Courtesy: Dawn News
By Aisha S
This was another case of a man thinking he needed to show a woman her place, and things got out of hand.
It was a day of anger. Women were angry. And men were to bear witness.
This was a day different from all the other days. Usually, men are angry, women stand down. But on that day, when we staged a sit-in at the #JusticeForNoor protest in Islamabad; a Sunday — a day when most people in the capital stay home with their families, now there is a dark shadow cast on the word family itself. Yet, this seemed like a new family; these women who had come together for a cause.
I stood in an enclosure roped in by volunteers who wouldn’t let anyone in except women and trans people. A speaker at the protest said: This is our space and while we applaud the men who have shown up in solidarity, today we ask them to stand back and stay quiet.
We were also told that the district officer had not permitted us to march beyond the sit-in at the press club, but we insisted we must march to the point closest to our parliament. We were taxpayers and we had demands — it was a simple case of wanting representation and being heard.
We walked from the press club to the famous D-Chowk, one foot after another. In front, a woman wearing two-inch platform heels walked too, finding it harder than the rest of us in traditional khussas, but walking nonetheless in the same formation, her short hair clumped together from the sweat. It was a scorching afternoon and the sun beat down on us at about half boiling point. Inside us all, there was a slight thaw from the numbness we all felt over the last few days when we received news of 27-year-old Noor’s beheading — a violent murder, but an intent all too common. A man thought he needed to show a woman her place, and things got out of hand.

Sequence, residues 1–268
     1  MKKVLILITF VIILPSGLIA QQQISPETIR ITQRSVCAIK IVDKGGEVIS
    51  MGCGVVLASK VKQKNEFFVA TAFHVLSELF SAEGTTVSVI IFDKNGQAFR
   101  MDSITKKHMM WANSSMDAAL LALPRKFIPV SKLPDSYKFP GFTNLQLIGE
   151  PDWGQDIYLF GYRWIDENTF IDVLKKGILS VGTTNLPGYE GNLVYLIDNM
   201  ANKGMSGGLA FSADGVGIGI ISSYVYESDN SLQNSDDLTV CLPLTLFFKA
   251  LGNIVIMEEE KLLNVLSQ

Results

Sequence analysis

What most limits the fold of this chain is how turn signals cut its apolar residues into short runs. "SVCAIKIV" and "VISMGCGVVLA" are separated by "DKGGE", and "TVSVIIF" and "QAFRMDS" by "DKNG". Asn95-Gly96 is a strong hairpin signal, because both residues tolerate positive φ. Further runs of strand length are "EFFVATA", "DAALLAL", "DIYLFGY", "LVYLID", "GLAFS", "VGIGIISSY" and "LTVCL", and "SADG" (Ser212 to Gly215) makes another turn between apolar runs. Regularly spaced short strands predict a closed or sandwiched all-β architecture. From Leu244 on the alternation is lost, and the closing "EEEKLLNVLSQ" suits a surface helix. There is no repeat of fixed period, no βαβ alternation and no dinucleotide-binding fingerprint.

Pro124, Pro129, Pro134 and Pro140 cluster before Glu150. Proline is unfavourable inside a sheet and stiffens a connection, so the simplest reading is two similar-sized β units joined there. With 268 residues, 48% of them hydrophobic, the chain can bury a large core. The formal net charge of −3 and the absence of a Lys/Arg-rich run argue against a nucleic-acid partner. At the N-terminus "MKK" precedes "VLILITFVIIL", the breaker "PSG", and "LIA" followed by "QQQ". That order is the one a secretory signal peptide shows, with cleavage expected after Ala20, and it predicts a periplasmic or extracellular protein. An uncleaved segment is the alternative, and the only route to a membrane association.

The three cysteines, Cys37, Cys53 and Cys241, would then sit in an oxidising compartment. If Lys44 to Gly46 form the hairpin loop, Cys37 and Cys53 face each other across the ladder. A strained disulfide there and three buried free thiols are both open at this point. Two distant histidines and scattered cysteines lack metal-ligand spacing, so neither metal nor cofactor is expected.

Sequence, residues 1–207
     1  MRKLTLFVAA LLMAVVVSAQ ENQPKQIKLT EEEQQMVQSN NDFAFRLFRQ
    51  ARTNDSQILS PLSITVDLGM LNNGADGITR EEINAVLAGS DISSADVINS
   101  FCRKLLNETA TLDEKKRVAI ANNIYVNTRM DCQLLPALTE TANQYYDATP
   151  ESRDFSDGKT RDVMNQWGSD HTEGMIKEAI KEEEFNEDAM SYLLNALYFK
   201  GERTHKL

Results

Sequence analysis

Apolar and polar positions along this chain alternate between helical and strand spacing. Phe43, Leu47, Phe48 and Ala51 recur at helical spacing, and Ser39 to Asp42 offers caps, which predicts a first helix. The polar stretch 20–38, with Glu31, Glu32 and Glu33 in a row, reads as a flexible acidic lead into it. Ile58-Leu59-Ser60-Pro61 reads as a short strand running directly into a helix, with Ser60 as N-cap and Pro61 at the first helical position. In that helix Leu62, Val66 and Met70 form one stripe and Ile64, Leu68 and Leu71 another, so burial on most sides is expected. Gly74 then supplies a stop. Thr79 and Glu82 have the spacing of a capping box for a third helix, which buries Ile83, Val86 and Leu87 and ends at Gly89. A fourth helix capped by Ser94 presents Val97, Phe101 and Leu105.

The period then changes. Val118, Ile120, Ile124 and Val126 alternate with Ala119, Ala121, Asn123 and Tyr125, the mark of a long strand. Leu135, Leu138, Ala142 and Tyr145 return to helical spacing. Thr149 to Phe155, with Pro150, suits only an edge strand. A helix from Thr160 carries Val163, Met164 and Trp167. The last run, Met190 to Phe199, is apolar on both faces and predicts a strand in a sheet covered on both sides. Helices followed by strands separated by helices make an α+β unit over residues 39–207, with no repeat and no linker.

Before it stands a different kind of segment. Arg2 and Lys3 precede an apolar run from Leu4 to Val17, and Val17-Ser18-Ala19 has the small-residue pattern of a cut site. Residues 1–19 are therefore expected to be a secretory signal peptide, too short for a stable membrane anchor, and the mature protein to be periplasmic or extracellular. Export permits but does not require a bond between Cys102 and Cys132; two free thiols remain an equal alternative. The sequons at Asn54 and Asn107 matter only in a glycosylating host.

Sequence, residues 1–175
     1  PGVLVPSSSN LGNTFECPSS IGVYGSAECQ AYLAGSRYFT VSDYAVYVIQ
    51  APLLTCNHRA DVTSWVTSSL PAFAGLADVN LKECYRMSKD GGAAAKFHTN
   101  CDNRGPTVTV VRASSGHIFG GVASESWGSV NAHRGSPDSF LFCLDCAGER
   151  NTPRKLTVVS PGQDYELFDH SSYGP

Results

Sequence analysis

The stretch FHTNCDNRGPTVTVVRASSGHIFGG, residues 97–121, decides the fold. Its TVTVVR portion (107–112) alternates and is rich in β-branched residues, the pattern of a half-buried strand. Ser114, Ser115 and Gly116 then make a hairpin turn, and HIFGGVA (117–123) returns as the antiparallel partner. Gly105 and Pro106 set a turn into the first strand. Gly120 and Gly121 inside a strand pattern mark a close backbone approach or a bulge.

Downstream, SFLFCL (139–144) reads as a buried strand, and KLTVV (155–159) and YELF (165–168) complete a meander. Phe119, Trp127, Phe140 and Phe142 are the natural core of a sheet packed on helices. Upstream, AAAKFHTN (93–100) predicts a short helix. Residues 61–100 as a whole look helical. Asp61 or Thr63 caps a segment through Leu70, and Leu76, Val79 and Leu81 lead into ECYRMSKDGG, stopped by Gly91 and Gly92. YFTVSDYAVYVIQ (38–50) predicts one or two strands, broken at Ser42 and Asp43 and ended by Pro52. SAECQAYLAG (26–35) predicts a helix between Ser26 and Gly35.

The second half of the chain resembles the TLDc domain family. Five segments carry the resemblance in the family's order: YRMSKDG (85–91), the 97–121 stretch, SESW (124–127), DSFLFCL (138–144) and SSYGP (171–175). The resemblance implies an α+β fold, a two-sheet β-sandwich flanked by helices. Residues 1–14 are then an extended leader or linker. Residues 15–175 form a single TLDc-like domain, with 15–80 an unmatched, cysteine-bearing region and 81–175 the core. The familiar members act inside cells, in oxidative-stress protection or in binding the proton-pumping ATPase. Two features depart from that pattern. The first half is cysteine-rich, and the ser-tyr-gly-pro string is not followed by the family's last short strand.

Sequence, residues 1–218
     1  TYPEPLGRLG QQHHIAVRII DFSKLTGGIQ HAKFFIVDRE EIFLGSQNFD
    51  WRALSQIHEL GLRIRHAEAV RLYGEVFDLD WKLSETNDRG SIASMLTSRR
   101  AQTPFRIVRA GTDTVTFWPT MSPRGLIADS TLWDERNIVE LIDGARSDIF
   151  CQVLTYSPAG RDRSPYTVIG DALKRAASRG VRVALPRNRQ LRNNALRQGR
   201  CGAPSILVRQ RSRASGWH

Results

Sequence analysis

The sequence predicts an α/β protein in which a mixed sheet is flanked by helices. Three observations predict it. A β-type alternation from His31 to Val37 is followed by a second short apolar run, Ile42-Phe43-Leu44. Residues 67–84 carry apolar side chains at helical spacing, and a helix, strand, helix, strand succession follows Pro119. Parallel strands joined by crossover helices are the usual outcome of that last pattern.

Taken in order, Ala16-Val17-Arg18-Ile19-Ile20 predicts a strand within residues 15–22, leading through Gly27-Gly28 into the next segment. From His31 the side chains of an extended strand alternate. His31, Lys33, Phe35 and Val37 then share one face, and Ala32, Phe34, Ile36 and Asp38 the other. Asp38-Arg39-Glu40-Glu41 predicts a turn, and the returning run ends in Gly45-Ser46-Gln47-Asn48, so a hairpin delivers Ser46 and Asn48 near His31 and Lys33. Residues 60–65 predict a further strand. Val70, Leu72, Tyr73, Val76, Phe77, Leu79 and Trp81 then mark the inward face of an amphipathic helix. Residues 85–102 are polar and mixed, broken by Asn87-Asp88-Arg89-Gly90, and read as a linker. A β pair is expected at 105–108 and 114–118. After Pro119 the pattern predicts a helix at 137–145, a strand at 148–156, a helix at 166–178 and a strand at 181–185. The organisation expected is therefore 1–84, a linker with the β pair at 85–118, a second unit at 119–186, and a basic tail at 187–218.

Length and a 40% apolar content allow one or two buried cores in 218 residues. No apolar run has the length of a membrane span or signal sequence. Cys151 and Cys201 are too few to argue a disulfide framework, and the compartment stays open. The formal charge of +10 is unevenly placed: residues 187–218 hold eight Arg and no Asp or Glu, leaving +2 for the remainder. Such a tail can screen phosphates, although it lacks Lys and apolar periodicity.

These streets belong to all of us, they are not men’s property — a young woman yelled into a crackling microphone. She stood atop a pickup with a banner honouring the three recently slain women at the hands of the men. Her voice was shrill, from screaming azadi slogans, and from just being a woman. We need a base voice in the rally, I said to my friend who was also a speaker. She smiled back from behind her Covid mask. At that time, humour felt like resistance.
Behind me, young girls raised a poster over their heads that read — raise better men. Almost all of us had deep sunset orange henna on our hands, intricately applied. The day Noor was murdered was the day we were all supposed to celebrate Eidul Azha and be merry. We were supposed to make offerings; not be an offering.
I was marching somewhere in the middle of the crowd. Some women had dyed their hair blue, pink, and silver — it’s in vogue. Girls were wearing sleeveless, there were women in niqabs and there were women who were dupatta-clad, some women were demure, others boisterous, all focused on one single motive — mourning.
We walked, we chanted shame-shame-shame, and we walked some more.
When we turned onto the eight-lane Jinnah Avenue, we grew wide like a river that meets an ocean, in front of us was Constitution Avenue. The symbolism was unmistakable. Our founding father and his sister side-by-side in politics gave Pakistan a visual blueprint of how to behave, and our constitution, guaranteeing our protection and our equality. Our founding father died a year after the nation’s birth, his sister suspiciously dead not long after.